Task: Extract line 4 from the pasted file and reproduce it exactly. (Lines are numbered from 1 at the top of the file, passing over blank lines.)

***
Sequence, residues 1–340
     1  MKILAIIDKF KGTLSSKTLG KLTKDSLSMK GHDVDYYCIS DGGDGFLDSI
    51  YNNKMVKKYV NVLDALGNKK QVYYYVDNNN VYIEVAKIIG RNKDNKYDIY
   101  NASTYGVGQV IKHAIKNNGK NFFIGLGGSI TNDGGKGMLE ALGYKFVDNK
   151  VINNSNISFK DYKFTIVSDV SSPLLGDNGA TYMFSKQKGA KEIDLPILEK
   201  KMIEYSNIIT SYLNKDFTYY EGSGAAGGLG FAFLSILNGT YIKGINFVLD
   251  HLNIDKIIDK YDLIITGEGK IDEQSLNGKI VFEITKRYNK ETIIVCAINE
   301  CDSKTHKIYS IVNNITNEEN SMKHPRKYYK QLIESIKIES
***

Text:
   101  NASTYGVGQV IKHAIKNNGK NFFIGLGGSI TNDGGKGMLE ALGYKFVDNK